The spaceflight company's test flights had faced month-long delays following engine and technical issues; earlier this month Virgin Galactic revealed it would likely need to adjust its testing schedule.
In a press release, the company said the May 22 test would be conducted, pending weather and technical checks and a maintenance review of the VMS Eve mothership jet aircraft that is designed to carry SpaceShipTwo to an altitude of around 50,000 feet.
Virgin Galactic noted that analysis of a "known maintenance item in the tail" of VMS Eve – that was founded earlier this month during a post-flight inspection – had been completed and structures were determined to be "healthy."
"Following a detailed inspection and thorough analysis of our mothership, Eve, we have cleared our Spaceflight System for our upcoming flight. I want to thank our incredibly talented team of engineers, maintenance crew, quality inspectors and support staff for their diligence and hard work, which is testament to our commitment to safety and the integrity of our flight test program," CEO Michael Colglazier said.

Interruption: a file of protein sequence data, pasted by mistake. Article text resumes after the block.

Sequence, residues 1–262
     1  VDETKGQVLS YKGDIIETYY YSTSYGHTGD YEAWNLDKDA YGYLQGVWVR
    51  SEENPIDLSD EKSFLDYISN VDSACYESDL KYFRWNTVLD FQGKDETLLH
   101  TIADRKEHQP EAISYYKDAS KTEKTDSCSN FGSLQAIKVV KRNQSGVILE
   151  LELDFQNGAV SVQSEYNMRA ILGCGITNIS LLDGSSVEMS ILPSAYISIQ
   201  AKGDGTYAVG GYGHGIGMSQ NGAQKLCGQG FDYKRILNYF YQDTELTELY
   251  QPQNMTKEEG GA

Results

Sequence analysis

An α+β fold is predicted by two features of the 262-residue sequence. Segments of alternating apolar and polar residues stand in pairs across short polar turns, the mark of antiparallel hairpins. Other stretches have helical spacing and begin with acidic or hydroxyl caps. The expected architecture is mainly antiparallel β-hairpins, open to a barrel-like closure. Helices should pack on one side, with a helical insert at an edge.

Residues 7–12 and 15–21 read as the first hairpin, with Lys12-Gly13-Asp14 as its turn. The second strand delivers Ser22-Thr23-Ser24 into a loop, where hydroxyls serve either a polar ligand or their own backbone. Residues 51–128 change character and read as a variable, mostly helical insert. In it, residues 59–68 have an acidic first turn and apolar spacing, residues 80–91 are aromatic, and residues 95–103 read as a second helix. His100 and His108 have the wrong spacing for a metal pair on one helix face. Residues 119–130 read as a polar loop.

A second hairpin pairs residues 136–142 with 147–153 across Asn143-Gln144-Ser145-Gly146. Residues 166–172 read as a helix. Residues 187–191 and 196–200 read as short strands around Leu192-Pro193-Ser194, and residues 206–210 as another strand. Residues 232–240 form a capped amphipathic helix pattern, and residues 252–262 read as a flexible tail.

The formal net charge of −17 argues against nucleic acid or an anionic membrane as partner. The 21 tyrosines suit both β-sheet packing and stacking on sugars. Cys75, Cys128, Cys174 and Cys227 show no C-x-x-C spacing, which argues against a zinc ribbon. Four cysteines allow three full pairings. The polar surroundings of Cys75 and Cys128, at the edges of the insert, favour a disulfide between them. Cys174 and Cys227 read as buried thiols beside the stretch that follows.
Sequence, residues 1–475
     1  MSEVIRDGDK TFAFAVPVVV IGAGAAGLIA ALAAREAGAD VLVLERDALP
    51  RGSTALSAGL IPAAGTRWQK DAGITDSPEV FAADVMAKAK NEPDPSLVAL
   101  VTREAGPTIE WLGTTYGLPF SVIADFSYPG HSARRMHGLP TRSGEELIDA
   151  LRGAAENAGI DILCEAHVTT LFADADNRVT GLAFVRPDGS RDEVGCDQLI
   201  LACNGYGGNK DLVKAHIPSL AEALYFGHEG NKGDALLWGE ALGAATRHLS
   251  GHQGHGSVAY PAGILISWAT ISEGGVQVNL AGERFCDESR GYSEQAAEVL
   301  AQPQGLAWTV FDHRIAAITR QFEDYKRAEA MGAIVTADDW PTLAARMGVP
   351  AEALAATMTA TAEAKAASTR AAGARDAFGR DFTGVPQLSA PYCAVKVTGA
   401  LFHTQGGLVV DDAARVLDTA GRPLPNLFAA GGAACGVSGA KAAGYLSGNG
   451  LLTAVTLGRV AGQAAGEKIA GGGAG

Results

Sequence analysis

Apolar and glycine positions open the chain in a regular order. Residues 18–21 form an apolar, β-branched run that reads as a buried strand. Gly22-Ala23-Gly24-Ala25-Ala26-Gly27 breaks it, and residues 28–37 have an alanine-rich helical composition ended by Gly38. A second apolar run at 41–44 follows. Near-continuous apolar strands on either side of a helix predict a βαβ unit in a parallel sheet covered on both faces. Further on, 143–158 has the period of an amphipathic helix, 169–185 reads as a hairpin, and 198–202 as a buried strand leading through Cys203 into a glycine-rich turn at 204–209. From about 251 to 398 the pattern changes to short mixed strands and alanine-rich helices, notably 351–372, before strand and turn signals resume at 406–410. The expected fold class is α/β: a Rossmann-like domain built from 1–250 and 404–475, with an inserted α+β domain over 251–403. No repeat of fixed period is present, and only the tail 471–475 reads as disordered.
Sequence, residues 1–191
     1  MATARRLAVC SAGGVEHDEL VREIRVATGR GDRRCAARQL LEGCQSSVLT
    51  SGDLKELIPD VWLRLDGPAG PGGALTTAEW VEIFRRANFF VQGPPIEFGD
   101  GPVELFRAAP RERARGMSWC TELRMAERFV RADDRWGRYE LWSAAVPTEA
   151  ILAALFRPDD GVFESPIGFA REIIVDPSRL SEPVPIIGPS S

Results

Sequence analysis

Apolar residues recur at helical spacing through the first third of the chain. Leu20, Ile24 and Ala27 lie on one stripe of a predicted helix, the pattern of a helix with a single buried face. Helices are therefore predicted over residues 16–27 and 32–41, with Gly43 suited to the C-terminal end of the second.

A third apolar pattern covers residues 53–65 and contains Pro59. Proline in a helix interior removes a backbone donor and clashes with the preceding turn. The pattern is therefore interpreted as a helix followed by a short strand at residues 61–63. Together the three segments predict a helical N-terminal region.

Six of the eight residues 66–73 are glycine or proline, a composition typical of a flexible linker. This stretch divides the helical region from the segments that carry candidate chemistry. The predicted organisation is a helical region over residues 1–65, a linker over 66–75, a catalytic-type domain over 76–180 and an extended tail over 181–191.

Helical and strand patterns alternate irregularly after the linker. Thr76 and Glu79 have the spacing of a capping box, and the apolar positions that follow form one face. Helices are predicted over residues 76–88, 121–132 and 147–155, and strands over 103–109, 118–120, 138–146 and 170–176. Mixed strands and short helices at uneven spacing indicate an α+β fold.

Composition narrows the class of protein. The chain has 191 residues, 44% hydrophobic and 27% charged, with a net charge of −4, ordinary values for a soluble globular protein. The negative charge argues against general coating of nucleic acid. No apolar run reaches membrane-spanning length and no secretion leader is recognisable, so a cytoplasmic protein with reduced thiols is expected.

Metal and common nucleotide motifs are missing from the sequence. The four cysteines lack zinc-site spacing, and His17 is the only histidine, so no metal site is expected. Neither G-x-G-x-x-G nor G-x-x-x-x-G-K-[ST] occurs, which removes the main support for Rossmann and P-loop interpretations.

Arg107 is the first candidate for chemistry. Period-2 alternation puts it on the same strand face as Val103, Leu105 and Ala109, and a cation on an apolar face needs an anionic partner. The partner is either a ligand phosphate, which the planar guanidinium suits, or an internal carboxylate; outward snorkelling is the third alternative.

The upcoming test will reportedly be crewed by two pilots and carry research payloads in partnership with NASA's Flight Opportunities program.
The company noted that a key objective of the flight would be to test the work completed on "VSS Unity" to lower electromagnetic interference levels experienced in a December test flight in addition to incorporating "all original test objectives, including assessment of the upgraded horizontal stabilizers and flight controls during the boost phase of the flight, evaluating elements of the customer cabin and testing the live stream capability from the spaceship to the ground."
Following the flight, Virgin Galactic said its team would review data that would "inform" the next steps in the program.
The Street reported shortly after the release that Virgin Galactic stock jumped after the announcement.
The company, which hopes to begin commercial service to customers next year, has sold seats onboard its SpaceShipTwo suborbital spaceplane for as much as $250,000 and Space.com reported last year the company had more than 600 reservations.
Notably, the fourth spaceflight is scheduled to carry members of the Italian Air Force for Virgin Galactic's first "full revenue flight," generating $2 million.
FOX Business' Brittany De Lea contributed to this report